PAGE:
Centre for Brain Research, IISc



Smitha Karunakaran's Lab



Dr. Smitha Karunakaran

Assistant Professor at the Centre for Brain Research

Research Interest: Circuit mechanisms underlying dementia including Alzheimer's Disease


Dr. Karunakaran received her degrees from Kasturba Medical College (MSc. Medical Biochemistry, 2000) and National Brain Research Centre (PhD. 2009). Her PhD was focused on the molecular mechanisms underlying the selective neuronal vulnerability in Parkinson’s Disease. She completed her postdoctoral training at the Friedrich Miescher Institute (FMI) in Basel studying the neural circuit mechanisms involved in long term memory consolidation. She joined CBR in 2017, where her laboratory now employs multidisciplinary approaches to study how early perturbation in fundamental neuronal circuits contribute to the early cognitive symptoms in Alzheimer's disease.


Neural circuits and behaviour

The primary goal of our laboratory is to understand the neural circuit-based mechanisms underlying early behavioural manifestations of Alzheimer's disease (AD).


AD is an irreversible, progressive neurodegenerative disorder that slowly impairs memory and higher cognitive functions. Longitudinal studies in humans have revealed that the pathogenic processes of AD start decades before the clinical onset of the disease. One of the first brain regions to be affected early on in AD is the hippocampus, a region critically involved in learning and memory processes. Learning requires precise neuronal communication across widely distributed brain networks centred around the hippocampus. Our laboratory investigates how hippocampal projecting neurons/systems such as the locus coeruleus (LC) -noradrenergic system transform hippocampal network dynamics and modulate behaviour during early stages of AD.


We use transgenic mice as a model system carrying familial AD mutations which mimic the pathological and behavioural hallmarks of the disease. The model allows us to ask specific questions about the underlying biology of AD progression. Applying this approach, we initially investigate the nature and dynamics of early behavioural deficits using quantitative behavioural assays relevant to the symptoms of AD. We further combine these quantitative behavioural assays with viral tracings and manipulation of genetically defined cell types such as LC neurons using pharmacogenetics to causally assess the contribution of individual circuit elements to a particular aspect of behavioural output. The combination of these approaches enables us to delineate how neural circuit alterations influence behaviour during early AD.


Current Projects

Hippocampal circuitry in early Alzheimer’s Disease: Using different hippocampal dependent and independent behaviour paradigms we primarily seek to understand the hippocampal circuit deficits, and how they contribute to early behavioural impairments in AD mouse model.


Role of Locus Coeruleus in maintaining cognitive function in normal and pathological ageing, such as dementia: In this project we aim to characterise the specific subset of LC neurons and their output targets affected during early AD, and their role in early behavioural impairments using AD mouse model.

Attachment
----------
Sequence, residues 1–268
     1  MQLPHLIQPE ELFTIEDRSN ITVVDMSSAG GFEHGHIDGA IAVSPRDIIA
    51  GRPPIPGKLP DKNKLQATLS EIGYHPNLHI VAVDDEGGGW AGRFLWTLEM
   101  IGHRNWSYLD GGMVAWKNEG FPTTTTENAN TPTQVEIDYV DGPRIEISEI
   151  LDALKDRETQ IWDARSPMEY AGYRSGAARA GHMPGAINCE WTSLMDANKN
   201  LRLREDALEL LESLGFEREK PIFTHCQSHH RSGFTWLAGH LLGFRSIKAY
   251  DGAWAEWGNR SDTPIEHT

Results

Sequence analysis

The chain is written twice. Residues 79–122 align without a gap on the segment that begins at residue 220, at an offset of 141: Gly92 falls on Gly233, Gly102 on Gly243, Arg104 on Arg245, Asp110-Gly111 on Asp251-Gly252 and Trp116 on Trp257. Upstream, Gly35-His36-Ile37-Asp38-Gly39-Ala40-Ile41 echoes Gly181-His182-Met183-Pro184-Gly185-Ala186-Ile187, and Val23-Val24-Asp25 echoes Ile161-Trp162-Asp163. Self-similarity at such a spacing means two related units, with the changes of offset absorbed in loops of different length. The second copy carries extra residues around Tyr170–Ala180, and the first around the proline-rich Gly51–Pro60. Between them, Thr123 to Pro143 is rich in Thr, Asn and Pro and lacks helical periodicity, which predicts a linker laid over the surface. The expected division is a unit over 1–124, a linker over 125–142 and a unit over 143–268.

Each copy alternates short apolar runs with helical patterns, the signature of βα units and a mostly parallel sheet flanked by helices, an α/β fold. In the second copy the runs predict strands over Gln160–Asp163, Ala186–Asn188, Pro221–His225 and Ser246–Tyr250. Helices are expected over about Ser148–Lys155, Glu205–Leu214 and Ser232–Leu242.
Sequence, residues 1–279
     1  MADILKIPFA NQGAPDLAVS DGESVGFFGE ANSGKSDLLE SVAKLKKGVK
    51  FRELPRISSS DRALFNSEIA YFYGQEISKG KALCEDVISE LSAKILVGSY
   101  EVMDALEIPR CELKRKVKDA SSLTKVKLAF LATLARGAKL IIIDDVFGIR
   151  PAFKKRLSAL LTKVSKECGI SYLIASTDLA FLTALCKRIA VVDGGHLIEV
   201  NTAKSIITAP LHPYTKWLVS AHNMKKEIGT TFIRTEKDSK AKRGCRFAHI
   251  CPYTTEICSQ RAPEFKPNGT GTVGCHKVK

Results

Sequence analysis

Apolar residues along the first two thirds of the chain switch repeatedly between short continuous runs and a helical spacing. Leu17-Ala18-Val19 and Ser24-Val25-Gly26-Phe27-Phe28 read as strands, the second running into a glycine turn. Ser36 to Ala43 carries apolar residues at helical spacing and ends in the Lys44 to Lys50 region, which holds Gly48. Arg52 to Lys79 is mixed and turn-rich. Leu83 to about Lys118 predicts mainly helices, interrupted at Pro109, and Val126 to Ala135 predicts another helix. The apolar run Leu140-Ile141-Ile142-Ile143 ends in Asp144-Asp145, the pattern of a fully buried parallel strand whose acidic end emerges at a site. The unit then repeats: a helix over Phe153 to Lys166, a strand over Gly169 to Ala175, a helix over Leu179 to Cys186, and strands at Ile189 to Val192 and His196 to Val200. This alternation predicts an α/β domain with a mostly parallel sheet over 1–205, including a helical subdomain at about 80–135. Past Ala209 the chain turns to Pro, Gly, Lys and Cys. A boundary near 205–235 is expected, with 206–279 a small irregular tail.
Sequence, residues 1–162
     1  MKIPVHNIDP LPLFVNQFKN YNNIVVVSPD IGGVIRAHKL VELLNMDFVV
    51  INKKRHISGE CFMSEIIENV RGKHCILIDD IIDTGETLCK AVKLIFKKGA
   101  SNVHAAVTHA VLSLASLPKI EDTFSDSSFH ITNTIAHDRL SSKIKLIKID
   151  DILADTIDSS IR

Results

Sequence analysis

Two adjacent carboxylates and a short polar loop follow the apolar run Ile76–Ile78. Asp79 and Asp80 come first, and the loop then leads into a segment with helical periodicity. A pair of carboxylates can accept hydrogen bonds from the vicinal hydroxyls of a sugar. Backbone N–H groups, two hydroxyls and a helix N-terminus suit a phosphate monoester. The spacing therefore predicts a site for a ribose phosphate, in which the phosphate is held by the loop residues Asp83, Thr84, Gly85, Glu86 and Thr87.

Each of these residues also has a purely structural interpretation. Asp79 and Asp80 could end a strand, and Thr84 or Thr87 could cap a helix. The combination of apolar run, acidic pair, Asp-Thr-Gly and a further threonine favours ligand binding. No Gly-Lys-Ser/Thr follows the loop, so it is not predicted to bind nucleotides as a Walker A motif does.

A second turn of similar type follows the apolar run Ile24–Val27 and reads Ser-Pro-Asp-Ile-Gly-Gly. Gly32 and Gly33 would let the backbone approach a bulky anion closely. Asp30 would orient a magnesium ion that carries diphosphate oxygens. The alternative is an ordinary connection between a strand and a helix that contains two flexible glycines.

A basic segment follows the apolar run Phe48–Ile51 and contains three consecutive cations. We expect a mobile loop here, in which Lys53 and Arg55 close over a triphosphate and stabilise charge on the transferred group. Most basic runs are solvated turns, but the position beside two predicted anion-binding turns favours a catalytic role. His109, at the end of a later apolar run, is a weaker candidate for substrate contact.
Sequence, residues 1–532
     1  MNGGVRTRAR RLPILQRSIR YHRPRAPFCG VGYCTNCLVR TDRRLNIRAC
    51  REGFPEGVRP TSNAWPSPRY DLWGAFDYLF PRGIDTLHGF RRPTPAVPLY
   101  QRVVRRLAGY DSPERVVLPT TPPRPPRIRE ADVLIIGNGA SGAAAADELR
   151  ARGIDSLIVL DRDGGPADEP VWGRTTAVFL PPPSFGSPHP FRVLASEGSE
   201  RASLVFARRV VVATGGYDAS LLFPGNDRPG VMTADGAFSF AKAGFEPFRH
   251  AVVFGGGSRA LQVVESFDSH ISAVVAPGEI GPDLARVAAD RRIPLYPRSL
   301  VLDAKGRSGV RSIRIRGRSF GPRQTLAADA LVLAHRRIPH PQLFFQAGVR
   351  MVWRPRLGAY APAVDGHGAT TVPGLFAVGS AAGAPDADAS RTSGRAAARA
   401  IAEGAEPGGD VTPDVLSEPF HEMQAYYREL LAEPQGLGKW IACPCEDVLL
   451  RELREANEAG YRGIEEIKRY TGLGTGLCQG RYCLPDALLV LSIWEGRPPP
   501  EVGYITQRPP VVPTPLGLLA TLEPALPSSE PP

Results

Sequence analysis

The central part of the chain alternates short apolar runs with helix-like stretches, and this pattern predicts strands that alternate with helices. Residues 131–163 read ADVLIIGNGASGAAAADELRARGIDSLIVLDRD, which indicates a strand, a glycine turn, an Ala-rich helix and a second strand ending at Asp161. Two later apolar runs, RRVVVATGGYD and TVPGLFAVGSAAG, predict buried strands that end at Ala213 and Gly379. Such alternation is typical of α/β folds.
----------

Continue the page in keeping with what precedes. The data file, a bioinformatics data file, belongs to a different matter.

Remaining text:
Present lab members

Mr. Abhijith Shankaran
M. Sc (Molecular Biology and Human Genetics) School of Life Sciences, Manipal Academy of Higher Education, Manipal
Designation: Project Assistant
Currently working on: Role of Locus Coeruleus in maintaining cognitive function in normal and pathological ageing, such as dementia


Former lab members

Ruchika Mahesh Agarwal,
MSc Medical Biotechnology, MS University, Baroda, Gujarat.

Shanice Jessica Hermon,
Integrated MSc student, NISER, Bhubaneswar.

Ruby Gupta,
Integrated MSc Life Sciences, Central University of Jharkhand, Jharkhand.


Postdoctoral positions available: Highly motivated Ph.D. holders who can attract external fellowships such as NPDF or any other postdoctoral fellowships may contact smitha@iisc.ac.in.


Selected Publications

  1. Kommaddi RP, Das D, Karunakaran S, Nanguneri S, Bapat D, Ray A, Shaw E, Bennett DA, Nair D, Ravindranath V. ABeta mediates F-actin disassembly in dendritic spines leading to cognitive deficits in Alzheimer's disease. J Neurosci. 2017 Dec 15: 2127-17. PMID:29246925

  2. Karunakaran S, Chowdhury A, Donato F, Quairiaux C, Michel CM, Caroni P. PV plasticity sustained through D1/5 dopamine signaling required for long-term memory consolidation. Nat Neurosci. 2016 Mar;19(3):454-64. PMID:26807952.

  3. Karunakaran S and Ravindranath V. Activation of p38 MAP kinase in the substantia nigra leads to nuclear translocation of NF-kB in MPTP treated mice: Implication in Parkinson's disease. J Neurochem. 2009 May 11; 109(6): 1791-1799. PMID: 19457134

  4. Karunakaran S, Saeed U, Mishra M, Valli RK, Joshi SD, Meka DP, Seth P, Ravindranath V. Selective activation of p38 MAP kinase in dopaminergic neurons of substantia nigra leads to nuclear translocation of p53 in MPTP treated mice. J Neurosci. 2008 Nov 19; 28(47): 12500-12509. PMID: 19020042

  5. Karunakaran S, Saeed U, Ramakrishnan S, Koumar RC, Ravindranath V.Constitutive expression and functional characterization of mitochondrial glutaredoxin (Grx2) in mouse and human brain. Brain Res. 2007 Dec 14; 1185:8 - 17. PMID: 17961515

  6. Karunakaran S, Diwakar L, Saeed U, Agarwal V, Ramakrishnan S, Iyengar S, Ravindranath V. Activation of apoptosis signal regulating kinase 1 (ASK1) and translocation of death-associated protein, Daxx, in substantia nigra pars compacta in a mouse model of Parkinson's disease: protection by alpha-lipoic acid. FASEB J. 2007 Jul; 21(9): 2226 - 36. PMID: 17369508

For complete list of publications: visit link


Centre for Brain Research
SID (Innovation centre) complex
Indian Institute of Science (IISc)
Malleswaram 18th Cross
Karnataka, INDIA.

Email: smitha[at]iisc.ac.in
Telephone: Office +91 80 2293 3588